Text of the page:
So I borrowed a buddies EVH 5150 III 50 Watt head a couple of weeks ago. I was excited, as a former original 5150 and 6505+ owner, I knew what I was getting into and pretty much expected it to be a variation of some of the same. I expected a mid-rangy tight sounding decent head. Think Soldano which if i’m not mistaken the earlier Peavey 5150’s were modeled around a Soldano. (PS I freaking love Soldano) Now being that this is a Fender product, I was interested for a few reasons. Mostly, they’re not known for high gain heads. They did have the old tone masters that could get up and rip, but not a head that i’m aware of that was a real melter.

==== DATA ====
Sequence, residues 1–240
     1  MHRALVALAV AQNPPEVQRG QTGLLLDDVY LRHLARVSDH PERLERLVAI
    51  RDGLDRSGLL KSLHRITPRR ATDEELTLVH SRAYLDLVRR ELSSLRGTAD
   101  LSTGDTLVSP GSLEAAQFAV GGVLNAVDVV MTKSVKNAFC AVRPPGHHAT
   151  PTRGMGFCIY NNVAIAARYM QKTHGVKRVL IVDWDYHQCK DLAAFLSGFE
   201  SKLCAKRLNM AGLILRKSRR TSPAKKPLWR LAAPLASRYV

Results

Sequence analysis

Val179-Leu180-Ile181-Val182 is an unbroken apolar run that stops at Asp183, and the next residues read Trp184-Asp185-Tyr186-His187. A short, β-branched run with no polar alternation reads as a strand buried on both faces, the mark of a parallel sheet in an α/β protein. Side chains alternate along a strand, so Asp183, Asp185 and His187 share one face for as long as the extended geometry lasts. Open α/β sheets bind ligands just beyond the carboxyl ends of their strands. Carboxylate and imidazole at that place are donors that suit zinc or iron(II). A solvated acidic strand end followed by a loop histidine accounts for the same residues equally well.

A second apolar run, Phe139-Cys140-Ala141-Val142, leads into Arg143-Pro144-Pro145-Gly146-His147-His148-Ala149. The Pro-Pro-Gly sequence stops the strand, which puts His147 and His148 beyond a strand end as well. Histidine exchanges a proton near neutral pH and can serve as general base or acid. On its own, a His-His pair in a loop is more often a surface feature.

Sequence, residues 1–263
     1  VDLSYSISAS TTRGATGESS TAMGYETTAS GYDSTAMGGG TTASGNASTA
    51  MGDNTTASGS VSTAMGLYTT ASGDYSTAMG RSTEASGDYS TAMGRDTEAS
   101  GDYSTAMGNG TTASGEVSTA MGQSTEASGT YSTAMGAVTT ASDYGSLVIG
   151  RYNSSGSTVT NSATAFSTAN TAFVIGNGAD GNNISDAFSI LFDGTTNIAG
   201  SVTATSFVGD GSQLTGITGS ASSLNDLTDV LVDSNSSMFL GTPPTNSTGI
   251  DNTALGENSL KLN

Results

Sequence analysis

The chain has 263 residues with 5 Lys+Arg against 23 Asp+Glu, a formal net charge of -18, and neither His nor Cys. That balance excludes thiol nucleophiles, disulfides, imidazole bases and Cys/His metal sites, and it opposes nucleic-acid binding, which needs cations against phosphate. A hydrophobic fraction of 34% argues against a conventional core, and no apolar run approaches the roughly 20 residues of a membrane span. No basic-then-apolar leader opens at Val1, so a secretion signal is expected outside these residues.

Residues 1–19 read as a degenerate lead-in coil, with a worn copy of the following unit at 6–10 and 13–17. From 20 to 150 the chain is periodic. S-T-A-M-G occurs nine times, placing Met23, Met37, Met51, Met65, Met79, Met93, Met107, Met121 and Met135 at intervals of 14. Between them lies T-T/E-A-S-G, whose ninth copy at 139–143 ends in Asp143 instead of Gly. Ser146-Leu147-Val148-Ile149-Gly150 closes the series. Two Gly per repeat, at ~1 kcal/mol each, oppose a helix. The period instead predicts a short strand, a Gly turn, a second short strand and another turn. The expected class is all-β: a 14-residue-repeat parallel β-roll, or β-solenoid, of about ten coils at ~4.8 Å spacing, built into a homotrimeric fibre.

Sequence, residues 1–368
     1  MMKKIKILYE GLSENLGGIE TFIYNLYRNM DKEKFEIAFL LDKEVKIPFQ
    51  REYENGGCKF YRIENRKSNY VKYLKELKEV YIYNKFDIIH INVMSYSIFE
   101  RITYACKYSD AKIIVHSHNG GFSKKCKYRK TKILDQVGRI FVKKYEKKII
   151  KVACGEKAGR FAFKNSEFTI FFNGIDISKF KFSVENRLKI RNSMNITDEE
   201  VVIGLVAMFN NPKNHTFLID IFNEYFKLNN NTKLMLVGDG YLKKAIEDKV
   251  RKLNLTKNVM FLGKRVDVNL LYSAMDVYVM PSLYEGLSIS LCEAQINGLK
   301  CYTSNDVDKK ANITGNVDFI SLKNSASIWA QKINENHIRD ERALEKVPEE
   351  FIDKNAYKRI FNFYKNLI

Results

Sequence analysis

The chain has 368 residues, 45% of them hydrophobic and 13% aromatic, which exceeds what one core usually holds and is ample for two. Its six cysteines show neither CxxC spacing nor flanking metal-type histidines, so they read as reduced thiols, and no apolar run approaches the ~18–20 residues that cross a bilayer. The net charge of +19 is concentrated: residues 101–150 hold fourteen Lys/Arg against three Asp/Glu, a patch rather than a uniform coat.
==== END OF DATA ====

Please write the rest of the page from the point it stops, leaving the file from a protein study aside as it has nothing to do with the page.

When my buddy loaned it to me, he basically said don’t boost it in the front. Which is generally a must for a large amount of tube heads. Not because most tube heads don’t have enough gain, but I would say most don’t have enough usable gain. So you boost it in the front to keep it from getting messy. You still get gain but its tight. This head needs no boost. I ran the gain stage on the red channel around 4 and it was plenty. I ran nothing more than an iSP Decimator and not because it’s a noisy head but because I like tight gate separation when I play as a personal choice.

Anyway, I’m going to write up a full blurb about it when i’m done, I’m going to do a demo walk thru video and also an Axe Fx 2 Tone Matching vid. But again, I think this head is must have.

Later

GearZombiee

1964 Ears In Ear Monitor Review

Sunday, November 10th, 2013